against the cash value if you need the money. Participating insurance is a feature of a
permanent insurance contract. Insurance companies use conservative estimates
for premiums on permanent insurance to reduce their risk. Since permanent insurance policies are in
effect for such a long time, it can be very difficult to estimate assumptions. Therefore, they charge higher premiums so
they aren’t potentially stuck with huge death benefit payments and not enough cash
if their assumptions are off. Participating policies will “refund the
premium surplus”, if any, in the form of dividends. Premiums won’t go up, and death benefits
won’t go down. The dividends can be used to reduce the out
of pocket premiums you owe, taken out as cash, used to purchase more insurance, or can be
left in the policy and accumulate interest. Universal life is also a permanent insurance
policy however, there is more flexibility to change plans as time goes on depending
on how investments have done, actual mortality costs, expenses and other contingencies. The upside is that your premiums might decrease,
or your death benefit might increase. However, while premiums might go down, the
downside is that they may go up as well. Variable insurance is a permanent whole life
policy where the cash surrender value (i.e. the amount of premiums you overpay to offset
the increase in costs as you age) vary based on the performance of an investment fund or
index, rather than simply accruing interest. Finally, joint insurance is paid out on the
last surviving spouse’s death. Therefore, this type of insurance is useless
in providing the surviving spouse with replacement income when their spouse dies. It is used to cover estate needs like a desired
inheritance or covering taxes owed upon death. While there are many different features around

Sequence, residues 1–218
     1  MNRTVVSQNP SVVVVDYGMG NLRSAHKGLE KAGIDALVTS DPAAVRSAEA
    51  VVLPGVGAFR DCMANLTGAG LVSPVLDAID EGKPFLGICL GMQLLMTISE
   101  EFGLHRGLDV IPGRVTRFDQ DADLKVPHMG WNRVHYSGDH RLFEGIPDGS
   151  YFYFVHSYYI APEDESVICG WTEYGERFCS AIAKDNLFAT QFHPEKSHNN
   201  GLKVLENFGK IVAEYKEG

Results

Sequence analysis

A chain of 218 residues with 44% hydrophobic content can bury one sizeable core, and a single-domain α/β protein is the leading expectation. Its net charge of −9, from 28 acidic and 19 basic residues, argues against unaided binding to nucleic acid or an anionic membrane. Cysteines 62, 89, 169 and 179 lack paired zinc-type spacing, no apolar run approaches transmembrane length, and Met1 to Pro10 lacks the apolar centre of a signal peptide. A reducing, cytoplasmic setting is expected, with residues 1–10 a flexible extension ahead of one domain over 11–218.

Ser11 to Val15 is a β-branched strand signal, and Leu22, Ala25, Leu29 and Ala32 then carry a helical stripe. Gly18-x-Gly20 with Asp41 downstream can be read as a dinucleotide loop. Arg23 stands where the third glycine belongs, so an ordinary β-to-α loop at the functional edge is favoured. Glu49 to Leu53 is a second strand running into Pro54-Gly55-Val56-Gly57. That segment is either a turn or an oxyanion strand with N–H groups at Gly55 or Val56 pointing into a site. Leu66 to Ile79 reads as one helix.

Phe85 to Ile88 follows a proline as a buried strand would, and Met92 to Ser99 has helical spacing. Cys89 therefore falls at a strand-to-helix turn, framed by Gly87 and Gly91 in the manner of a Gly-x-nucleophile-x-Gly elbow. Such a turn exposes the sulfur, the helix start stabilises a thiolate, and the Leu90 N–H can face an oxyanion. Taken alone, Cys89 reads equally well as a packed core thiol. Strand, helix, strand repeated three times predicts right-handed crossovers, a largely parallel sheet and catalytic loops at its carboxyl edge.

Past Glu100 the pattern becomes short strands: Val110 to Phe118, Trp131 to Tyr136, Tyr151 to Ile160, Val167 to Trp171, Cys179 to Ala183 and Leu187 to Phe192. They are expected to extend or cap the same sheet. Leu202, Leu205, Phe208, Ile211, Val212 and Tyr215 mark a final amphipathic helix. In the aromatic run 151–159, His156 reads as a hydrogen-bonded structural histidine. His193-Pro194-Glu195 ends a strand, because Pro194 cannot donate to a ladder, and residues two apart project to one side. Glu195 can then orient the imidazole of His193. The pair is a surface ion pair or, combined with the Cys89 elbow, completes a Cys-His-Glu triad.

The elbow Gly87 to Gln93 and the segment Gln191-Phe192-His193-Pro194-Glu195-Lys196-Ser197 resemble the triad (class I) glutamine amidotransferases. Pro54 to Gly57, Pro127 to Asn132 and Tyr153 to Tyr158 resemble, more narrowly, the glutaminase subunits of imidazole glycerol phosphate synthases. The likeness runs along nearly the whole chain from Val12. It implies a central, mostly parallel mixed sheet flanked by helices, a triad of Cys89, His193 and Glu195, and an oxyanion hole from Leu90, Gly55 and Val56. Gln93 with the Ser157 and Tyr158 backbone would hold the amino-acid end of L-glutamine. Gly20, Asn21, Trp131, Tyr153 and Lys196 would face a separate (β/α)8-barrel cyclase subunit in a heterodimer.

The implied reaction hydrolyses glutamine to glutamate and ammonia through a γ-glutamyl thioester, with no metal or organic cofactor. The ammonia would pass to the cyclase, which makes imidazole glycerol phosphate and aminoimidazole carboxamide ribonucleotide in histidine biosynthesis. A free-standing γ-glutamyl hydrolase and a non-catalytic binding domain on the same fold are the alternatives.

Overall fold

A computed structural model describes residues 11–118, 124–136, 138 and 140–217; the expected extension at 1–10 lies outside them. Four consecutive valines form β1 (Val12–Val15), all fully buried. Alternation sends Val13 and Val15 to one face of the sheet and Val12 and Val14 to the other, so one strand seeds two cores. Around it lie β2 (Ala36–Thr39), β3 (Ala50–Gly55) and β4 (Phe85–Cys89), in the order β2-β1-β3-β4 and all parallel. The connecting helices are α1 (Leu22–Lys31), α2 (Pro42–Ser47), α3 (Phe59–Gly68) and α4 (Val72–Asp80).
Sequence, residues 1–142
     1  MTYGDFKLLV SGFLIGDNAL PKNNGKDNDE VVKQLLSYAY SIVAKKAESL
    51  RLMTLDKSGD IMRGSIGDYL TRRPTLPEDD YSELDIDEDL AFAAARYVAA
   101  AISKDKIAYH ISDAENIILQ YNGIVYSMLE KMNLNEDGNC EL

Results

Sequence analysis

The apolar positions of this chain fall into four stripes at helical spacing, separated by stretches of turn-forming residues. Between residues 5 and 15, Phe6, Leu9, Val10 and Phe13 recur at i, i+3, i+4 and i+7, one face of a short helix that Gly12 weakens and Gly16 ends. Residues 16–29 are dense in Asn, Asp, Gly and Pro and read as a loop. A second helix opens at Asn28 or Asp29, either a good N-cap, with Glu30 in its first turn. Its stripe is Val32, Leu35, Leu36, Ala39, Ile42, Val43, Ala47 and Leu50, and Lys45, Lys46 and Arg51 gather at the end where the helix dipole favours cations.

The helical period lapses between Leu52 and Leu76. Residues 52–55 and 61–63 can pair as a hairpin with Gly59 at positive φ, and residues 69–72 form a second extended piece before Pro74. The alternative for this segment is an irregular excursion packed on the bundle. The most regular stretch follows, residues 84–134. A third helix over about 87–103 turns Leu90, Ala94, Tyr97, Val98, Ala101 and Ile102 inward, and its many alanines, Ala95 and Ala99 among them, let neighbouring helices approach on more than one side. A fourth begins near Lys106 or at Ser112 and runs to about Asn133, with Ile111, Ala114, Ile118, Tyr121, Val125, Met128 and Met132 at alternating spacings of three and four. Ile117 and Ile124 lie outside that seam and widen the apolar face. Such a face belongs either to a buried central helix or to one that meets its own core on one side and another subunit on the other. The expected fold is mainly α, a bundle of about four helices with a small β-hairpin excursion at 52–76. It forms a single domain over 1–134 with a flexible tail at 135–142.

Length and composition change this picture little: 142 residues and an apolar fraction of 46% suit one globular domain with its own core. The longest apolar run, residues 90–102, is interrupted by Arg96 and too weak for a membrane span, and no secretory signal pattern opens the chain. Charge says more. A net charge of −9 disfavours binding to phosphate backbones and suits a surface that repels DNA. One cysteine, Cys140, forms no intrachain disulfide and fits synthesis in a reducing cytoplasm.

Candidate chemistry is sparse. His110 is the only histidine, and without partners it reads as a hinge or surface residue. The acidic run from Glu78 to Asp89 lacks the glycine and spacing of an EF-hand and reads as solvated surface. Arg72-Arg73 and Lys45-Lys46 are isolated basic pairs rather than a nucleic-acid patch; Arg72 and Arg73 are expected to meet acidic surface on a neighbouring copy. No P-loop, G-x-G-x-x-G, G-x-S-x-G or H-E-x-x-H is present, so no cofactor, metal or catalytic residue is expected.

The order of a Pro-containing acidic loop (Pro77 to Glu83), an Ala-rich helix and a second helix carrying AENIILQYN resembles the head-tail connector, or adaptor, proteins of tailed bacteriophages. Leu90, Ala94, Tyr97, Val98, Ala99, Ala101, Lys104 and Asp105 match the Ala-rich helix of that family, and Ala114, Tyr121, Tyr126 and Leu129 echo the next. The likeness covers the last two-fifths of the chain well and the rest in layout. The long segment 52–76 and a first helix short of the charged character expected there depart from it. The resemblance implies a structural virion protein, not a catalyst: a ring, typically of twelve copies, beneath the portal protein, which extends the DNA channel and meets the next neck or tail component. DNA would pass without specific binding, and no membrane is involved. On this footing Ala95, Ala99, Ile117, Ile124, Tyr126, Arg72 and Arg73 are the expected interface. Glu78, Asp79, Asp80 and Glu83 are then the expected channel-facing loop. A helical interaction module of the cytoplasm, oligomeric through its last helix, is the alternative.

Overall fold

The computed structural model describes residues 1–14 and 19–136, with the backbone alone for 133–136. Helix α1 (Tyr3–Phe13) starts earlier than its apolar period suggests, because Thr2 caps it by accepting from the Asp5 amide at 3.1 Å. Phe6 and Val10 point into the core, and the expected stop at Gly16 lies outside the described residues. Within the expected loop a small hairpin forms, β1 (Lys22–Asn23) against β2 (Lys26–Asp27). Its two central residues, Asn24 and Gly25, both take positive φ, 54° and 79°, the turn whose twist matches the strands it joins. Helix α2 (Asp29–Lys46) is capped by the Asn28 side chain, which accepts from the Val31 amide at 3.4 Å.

permanent insurance, there are really only two types of basic insurance. Term and permanent. For the vast majority of people who are looking
to cover the risk of maintaining their dependent’s lifestyle if they pass away, term insurance
will be the cheapest and most effective way to do this. Do you have insurance? What have been your experiences, good or bad? I’d love to hear about it in the comments
below. And if you’re wondering if you have enough
insurance, you’ll have to wait 2 weeks. That’s my topic for next time. Hit the subscribe button and the notification
bell so you don’t miss it. If you have any questions, leave them in the
comments below, or reach out to me on LinkedIn. I’m Susan Daley and this has been Your Money,
Your Choices.


Susan Daley is very informative and inspired me to start my own YouTube channel.
Thank you for your videos Susan and keep up the great work you do!!!🙂

sorry i didnt want to read a book about insurance that s why im here on YouTube ,you sound like you are reading from a book…thanks for the effort though

This helped a lot! I am study the ChFC Level 2 (Insurance) and the textbook chapter on this was horribly written. This clarified so much. Thanks!